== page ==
IMF cuts global growth outlook
Report on world economy predicts 7.3 per cent expansion in China next year, and warns of consequences of US debt default
The International Monetary Fund cut its China and global outlook for this year and next as capital outflows further weaken emerging markets, and warned that a US government default could "seriously damage" the world economy.
The fund cut the forecast for China to 7.6 per cent this year, from 7.8 per cent in July and to 7.3 per cent in 2014 from 7.7 per cent.
Growth worldwide will be 2.9 per cent this year and 3.6 per cent next year, the IMF said in a report released yesterday, compared with July predictions of 3.1 per cent for 2013 and 3.8 per cent for 2014.
It sees emerging economies growing 4.5 per cent this year, 0.5 percentage points less than three months ago, as projections were reduced for Mexico, India and Russia apart from China.
Russia's growth model also seems "exhausted", according to the report, which sees growth at 1.5 per cent this year instead of 2.5 per cent in July and 3 per cent next year, from 3.3 per cent.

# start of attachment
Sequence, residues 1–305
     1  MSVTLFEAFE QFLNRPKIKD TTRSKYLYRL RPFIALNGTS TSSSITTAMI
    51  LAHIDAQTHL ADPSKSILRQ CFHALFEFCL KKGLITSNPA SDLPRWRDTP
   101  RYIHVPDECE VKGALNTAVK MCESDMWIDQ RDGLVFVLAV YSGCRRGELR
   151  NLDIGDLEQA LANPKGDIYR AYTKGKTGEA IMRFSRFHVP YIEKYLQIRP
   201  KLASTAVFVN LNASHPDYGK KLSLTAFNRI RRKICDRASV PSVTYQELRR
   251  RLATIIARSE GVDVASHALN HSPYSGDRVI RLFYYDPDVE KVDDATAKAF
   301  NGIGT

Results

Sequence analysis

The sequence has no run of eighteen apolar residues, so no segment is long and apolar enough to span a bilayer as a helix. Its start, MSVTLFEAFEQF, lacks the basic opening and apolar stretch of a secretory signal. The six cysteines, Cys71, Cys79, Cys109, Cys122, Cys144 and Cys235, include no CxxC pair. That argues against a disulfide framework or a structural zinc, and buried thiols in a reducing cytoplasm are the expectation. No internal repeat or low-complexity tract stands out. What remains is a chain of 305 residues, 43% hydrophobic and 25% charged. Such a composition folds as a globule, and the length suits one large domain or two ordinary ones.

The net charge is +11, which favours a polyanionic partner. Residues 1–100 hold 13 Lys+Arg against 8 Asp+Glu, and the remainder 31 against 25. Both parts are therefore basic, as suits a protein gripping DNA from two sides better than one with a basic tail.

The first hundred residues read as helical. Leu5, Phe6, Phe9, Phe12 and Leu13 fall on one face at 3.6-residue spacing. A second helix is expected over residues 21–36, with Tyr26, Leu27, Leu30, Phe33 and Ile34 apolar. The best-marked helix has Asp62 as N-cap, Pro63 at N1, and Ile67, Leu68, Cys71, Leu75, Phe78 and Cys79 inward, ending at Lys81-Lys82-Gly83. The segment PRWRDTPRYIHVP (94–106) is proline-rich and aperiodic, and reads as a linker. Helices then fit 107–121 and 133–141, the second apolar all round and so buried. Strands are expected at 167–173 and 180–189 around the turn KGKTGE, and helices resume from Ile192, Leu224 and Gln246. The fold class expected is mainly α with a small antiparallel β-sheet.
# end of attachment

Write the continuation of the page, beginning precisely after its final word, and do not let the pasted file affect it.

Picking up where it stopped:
India will grow 3.8 per cent this year, down from a July prediction of 5.6 per cent, and 5.1 per cent next year, from 6.3 per cent.
"Advanced economies are gradually strengthening" while "growth in emerging-market economies has slowed", IMF chief economist Olivier Blanchard wrote in the World Economic Outlook report. "This confluence is leading to tensions, with emerging-market economies facing the dual challenges of slowing growth and tighter global financial conditions."
The IMF's forecasts factor in a short US government shutdown and an agreement on the nation's debt limit before an October 17 deadline. A stalemate that causes a default "could seriously damage the global economy".
"A longer shutdown could have sizable adverse growth implications," the IMF said in the report. "A failure to promptly raise the debt ceiling could also adversely affect financial markets and economic activity, with spillovers to the rest of the world."
The fund said of China: "Without fundamental reform to rebalance the economy towards consumption and stimulate productivity growth through deregulation, growth is likely to slow considerably."